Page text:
It’s all about numbers and quotas and budgets. This is what we are teaching our youth. Add to this all of the marketing, blogging and “so-called reporting” that churn out ignorant, unsubstantiated and insipid content and what our society ends up teaching our young people is that knowledge and truth do not matter:  only money, numbers, connections and getting  through the required hoops to get what you want with the least amount of energy expended.

But then again,  how can we expect anymore of our kids? What messages do we send them in terms of ethics when politicians, religious leaders and reporters who have done things like lied about their educational backgrounds, their whereabouts, their sexuality, their affairs, affiliations and their sources (some even making up quotes) all still have careers and are “forgiven” by just saying, “Oops, my bad.”  We are not only reinforcing this type of behavior, we’re cultivating it. Ours is now a culture of anything goes as long as you get what you want.

As far as those who take on these jobs, it is without a doubt, unethical but I see writers everyday that are so desperate to hang onto making their living from writing that they are willing to push their ethical line further and further to survive and get paid. (Especially when it can be months before checks are received from more traditional outlets and with more print outlets folding every day.)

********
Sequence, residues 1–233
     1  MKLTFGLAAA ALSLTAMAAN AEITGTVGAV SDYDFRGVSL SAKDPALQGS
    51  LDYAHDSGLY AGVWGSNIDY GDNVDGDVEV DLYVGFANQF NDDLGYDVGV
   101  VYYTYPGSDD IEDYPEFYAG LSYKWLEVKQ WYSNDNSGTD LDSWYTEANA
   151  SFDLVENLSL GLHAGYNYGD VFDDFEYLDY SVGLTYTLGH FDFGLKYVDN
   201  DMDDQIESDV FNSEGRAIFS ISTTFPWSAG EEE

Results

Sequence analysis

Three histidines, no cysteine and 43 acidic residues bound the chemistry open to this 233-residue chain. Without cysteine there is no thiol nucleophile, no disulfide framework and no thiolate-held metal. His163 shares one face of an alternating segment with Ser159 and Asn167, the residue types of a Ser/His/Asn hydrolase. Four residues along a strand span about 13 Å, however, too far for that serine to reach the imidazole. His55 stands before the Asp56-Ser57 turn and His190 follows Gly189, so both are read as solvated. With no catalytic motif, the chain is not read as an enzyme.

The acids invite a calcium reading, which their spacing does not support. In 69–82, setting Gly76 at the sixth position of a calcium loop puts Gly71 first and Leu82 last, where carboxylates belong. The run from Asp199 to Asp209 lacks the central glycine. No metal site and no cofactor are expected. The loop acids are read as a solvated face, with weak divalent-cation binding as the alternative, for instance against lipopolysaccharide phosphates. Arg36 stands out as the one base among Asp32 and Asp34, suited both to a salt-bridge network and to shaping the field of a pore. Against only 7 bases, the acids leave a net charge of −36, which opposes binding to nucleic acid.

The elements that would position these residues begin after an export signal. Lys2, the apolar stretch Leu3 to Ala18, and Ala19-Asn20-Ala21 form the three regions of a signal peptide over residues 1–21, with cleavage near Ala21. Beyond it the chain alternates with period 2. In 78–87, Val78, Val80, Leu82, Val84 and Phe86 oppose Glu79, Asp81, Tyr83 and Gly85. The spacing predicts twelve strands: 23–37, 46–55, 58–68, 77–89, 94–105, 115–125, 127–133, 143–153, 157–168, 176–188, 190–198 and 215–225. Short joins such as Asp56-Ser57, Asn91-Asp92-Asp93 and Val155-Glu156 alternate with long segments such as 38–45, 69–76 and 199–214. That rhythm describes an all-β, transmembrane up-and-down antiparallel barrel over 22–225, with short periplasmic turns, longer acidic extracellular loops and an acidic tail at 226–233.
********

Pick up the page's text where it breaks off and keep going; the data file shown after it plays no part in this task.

It seems as though we are seeing the disintegration of a once well-respected career. That of the writer. Instead of paying a decent fee for quality work, content mills and web sites offer a pittance for sub-par work (which BTW- is the only way you can come out ahead working for the mills. If you actually spent the time necessary to do the proper research and formulate a thoughtful well-rounded piece, it wouldn’t be worth your time to write it.) While it’s been a long-held tradition to intern or write for free to amass clips to establish your career in writing,  with the advent of blogging everybody (and their brother) thinks they are a writer (and they’re willing to do it for free just to feel like one.)